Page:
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Public Seminar Series, Michaelmas term 2018

Series convenors: Professor Matthew Gibney, Professor Cathryn Costello, Professor Tom Scott-Smith

Seminar held on 7 November 2018

About the seminar

In 2014, the Office of the United Nations High Commissioner for Refugees launched its Global Action Plan on Statelessness, which identifies the potential for individuals to be at risk of statelessness. The phrase ‘risk of statelessness’ first appears in UNHCR documents in 1996, and between 2000 and 2018, it had been used over 650 times. As a concept, risk of statelessness remains under-examined in the literature on statelessness. Given the proliferation of work on vulnerability and risk within International Relations, it is ripe for examination.

As concepts, both ‘risk’ and ‘statelessness’ imply substantial uncertainty, and the 2014 Plan identifies risk of statelessness as the situation of those who ‘have difficulties proving that they have links to a state’. Risk of statelessness is therefore a highly contingent and ambiguous concept. This seminar explores what is at stake in the risk of statelessness, grounding this in wider discussions of vulnerability, and of the governance of pluralism and uncertainty in relation to nationality and statelessness.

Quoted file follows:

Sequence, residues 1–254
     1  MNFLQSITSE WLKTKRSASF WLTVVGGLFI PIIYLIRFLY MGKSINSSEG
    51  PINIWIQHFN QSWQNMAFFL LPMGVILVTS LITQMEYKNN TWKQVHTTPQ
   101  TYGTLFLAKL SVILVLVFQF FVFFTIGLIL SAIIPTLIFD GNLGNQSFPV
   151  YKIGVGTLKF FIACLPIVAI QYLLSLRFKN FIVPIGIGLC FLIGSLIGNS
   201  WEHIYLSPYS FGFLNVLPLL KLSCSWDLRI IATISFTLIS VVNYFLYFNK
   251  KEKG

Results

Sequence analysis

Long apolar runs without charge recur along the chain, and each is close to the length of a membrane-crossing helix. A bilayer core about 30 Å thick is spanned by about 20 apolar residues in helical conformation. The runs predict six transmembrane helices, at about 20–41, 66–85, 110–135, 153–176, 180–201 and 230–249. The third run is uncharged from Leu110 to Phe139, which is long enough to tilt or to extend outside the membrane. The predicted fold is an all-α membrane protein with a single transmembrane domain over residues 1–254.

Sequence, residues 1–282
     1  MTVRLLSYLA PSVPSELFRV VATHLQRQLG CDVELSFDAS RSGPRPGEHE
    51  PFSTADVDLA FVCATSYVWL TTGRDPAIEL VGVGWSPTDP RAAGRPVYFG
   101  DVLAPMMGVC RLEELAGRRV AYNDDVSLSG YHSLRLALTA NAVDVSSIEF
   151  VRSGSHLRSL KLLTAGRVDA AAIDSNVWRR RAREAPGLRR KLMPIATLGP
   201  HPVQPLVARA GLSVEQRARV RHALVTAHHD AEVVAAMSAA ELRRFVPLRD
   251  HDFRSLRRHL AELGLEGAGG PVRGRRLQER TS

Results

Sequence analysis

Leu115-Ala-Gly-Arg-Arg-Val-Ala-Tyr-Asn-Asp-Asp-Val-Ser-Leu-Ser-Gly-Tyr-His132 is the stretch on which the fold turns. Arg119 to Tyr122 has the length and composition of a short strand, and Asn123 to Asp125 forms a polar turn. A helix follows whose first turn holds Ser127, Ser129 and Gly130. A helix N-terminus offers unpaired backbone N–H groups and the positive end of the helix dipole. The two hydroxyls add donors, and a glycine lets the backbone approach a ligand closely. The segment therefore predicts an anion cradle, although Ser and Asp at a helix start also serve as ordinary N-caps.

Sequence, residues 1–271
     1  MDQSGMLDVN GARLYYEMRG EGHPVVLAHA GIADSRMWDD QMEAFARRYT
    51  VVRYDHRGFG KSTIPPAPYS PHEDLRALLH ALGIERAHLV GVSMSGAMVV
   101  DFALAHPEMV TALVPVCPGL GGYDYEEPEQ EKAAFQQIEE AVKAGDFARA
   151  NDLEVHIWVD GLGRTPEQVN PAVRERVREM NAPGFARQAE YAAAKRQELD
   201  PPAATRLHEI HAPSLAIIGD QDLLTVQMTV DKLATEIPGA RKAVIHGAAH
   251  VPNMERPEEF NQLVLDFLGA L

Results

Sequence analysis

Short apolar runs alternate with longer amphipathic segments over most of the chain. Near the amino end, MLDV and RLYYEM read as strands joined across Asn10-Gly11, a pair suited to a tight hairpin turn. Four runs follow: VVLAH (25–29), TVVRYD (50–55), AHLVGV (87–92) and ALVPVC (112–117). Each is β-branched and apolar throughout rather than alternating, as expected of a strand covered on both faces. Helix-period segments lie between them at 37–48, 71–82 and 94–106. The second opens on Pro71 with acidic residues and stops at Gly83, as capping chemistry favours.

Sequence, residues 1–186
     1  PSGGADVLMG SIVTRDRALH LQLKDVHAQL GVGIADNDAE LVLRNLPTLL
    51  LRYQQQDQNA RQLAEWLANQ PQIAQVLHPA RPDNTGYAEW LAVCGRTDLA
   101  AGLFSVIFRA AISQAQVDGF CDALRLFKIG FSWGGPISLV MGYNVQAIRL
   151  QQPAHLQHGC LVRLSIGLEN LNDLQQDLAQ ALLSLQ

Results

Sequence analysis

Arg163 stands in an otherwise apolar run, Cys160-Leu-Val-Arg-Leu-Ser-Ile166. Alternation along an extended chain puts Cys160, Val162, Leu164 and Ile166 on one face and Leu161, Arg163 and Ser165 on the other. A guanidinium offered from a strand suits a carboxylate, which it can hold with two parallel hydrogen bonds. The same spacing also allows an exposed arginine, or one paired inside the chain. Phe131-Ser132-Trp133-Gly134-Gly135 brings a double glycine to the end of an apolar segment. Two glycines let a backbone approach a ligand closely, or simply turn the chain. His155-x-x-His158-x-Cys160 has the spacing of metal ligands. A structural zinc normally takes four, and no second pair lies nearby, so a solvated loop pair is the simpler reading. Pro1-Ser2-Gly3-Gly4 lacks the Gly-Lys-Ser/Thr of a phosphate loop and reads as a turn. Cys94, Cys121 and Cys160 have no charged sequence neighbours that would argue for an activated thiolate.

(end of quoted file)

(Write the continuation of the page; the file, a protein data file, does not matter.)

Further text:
About the speaker

Dr Kelly Staples is Associate Professor of International Politics in the Department of Politics & International Relations at the University of Leicester. She is also Director of Learning & Teaching for the department. She has ongoing research interests in the status of the individual in world politics and International Relations (IR), the definition of statelessness, the meaning of international protection, and International Political Theory more broadly. She is currently involved in collaborative work on ethics, imagination and International Relations, and in a project on the meaning of international protection.

She is the author of Re-theorising Statelessness: a Background Theory of Membership in World Politics (2012, Edinburgh University Press).

 

Photo: Asylum-seekers leaving Lesvos after the Government authorised them to continue procedures on mainland Greece. Credit: UNHCR/Yorgos Kyvernitis